NJROTC, A Letter To Our Freshman


Valerie West, Staff

A Letter to our Freshman

Dear Freshmen,

We want you! Most of you freshmen come from Fredericksburg Middle School, so you already know about all the different groups you could join. You’ve got choir and band for you musically talented peeps, colorguard, Red Hots and cheerleading for anyone with decent dance moves, and sports for those who are crazy enough to actually like running.

But who fits into ROTC?

Answer: everyone. ROTC is a place where everyone has the spotlight. You learn dozens of useful skills you’ll use for the rest of your life. I know how boring ROTC can sound, but believe me, it’s interesting.

I myself had no real interest in ROTC or the military. I joined my freshman year with the intention to collect my three credits and say adios to the incredibly hot uniforms and the thousands of rules you have to memorize. But just two weeks in, my mind was changed. In ROTC, I’ve found my best friends and had some of the best times of my life. Being in ROTC has honestly been an experience I`ll be thankful for not passing up for a long, long time. Enough with the sappy, let’s get to all those interesting things I promised.

First off, we`ve got PT. Physical Training. This is our athletics. We may not have all those fancy toys in the weight room, but what we lack in material, we more than makeup for in creativity. We do a number of feel-it-the-next-day workouts and beginning this year, a select few challenges that will make your muscles burst. Don’t worry, ROTC isn’t all hard-core workouts. We have a lot of fun games we play to amp up our competitive cadets.

Next is the push-up team. Believe me, it’s more fun than it sounds. During football season, we take our team onto the sidelines and congratulate our football teams scoring with an exponential amount of push-ups. You may have seen us in our iconic blue uniforms running down the track with the FHS flags. That is only a part of the fun. Before the game we socialize and eat/drink as much as we can to stay awake and alert. The seniors, as a reward for sticking it out all four years, have the opportunity to be on a permanent push-up team, which is one of many perks being a senior on staff.

Now I know there are many competitive students out there, so for all of you, meet drill teams. We have 4 drill teams: colorguard (co-ed, male, and female) unarmed, armed and sword. We also have a rifle team, marksmanship, that competes against hundreds of other schools across the country. Colorguard has at least four members each, left rifle, organizational (Texas) flag, commanding (American) flag, and right rifle. We compete in every drill meet, which if you go to three, you get a letterman jacket (as a FISH!!!), so I highly recommend joining a drill team.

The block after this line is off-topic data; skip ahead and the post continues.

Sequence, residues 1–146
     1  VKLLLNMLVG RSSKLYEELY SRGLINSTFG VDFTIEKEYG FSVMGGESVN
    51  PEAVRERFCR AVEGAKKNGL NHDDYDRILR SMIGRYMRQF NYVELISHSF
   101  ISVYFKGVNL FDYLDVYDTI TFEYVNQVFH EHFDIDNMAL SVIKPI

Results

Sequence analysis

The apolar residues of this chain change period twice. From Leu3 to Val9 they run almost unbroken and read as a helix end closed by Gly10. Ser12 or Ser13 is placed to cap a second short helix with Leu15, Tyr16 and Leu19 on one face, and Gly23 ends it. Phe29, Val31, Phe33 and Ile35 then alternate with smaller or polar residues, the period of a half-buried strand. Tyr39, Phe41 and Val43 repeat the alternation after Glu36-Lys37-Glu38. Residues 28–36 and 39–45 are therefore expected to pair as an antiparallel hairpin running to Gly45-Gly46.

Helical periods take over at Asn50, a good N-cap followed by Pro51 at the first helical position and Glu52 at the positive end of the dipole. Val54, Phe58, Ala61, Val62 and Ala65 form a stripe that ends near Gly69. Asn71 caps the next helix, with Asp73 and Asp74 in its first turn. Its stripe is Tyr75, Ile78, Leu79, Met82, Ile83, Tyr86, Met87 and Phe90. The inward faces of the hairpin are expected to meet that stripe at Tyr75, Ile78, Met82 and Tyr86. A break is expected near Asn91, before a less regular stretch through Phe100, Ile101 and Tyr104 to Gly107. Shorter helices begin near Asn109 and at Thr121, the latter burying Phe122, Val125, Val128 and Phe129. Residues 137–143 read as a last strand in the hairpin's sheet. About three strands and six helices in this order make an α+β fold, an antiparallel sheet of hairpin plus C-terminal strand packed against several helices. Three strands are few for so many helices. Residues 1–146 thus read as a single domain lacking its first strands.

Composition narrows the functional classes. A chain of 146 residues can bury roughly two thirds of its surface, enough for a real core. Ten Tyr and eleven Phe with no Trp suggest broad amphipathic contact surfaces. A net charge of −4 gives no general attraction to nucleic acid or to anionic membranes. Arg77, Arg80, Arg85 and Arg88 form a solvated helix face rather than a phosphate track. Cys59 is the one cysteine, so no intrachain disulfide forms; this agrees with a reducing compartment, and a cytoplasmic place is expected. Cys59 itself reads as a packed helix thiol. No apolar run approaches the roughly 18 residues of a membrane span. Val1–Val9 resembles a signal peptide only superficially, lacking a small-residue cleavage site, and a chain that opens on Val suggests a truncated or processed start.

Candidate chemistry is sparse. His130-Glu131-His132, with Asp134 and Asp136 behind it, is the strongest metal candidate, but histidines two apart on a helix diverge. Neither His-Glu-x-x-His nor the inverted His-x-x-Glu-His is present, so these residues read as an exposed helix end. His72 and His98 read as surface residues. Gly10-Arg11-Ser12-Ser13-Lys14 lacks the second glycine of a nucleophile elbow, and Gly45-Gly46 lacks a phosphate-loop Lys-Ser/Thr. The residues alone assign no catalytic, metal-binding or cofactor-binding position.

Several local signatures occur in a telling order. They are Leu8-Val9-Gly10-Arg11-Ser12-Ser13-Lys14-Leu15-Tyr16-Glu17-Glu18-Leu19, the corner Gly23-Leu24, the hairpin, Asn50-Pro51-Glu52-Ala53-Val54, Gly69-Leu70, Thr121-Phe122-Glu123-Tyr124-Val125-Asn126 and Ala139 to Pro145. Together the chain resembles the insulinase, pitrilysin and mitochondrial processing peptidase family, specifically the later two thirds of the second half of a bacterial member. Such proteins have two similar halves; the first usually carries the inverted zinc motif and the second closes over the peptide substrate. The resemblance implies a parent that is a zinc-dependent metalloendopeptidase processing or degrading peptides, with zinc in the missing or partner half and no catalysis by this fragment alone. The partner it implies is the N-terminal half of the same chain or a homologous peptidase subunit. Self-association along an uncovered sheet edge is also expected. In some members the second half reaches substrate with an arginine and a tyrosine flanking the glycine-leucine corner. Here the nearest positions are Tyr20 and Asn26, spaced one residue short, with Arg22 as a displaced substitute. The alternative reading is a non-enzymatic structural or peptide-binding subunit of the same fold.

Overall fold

Sword team begins at the next semester mark, and we only compete at one drill meet (sadly), but we also perform the sword arch at homecoming, graduation, and our Annual Military Inspection (AMI). Armed and unarmed have two different marches they do: regulation and exhibition. Regulation is the important stuff, the things the big boss man says we need to know. Exhibition is the fun stuff: riffle tosses, stomps for unarmed, sword tosses (if they`d let us) things like that, and all that is up to our super-dooper important commanders: Jessen Stableford for armed, Nayeli Romero for unarmed, Clayton Elebrcht for sword, Austin West, Nicholas Godwin, and Crystal Aguilar for co-ed, male, and female colorguards.

Now, as a price for all these wonderful benefits, ROTC asks for just a few hours a month from every cadet to do community service, like colorguards for various organizations, or flag set-ups and take-downs on specific holidays. but even these give you benefits, like useful knowledge to rank up, a good rep, and even actual community service hours.

When I started, I was under this strange impression that you just had to go in the military to be in ROTC. I couldn’t be more wrong. All ROTC showed me, on the military front at least, was that the military wasn’t just a backup option- it was a genuine career option, but they don’t force the military on you. Yes, recruiters come and talk to all of us as a class, but that’s mainly for the people looking into the military. ROTC is a military based program, but not military-mandatory. so don’t hesitate to apply for the program just because you aren`t interested in the military.

Just remember, if we don’t have enough cadets in the unit, there will no longer be a unit. it’s up to you, but ROTC really is a good fit for nearly everyone.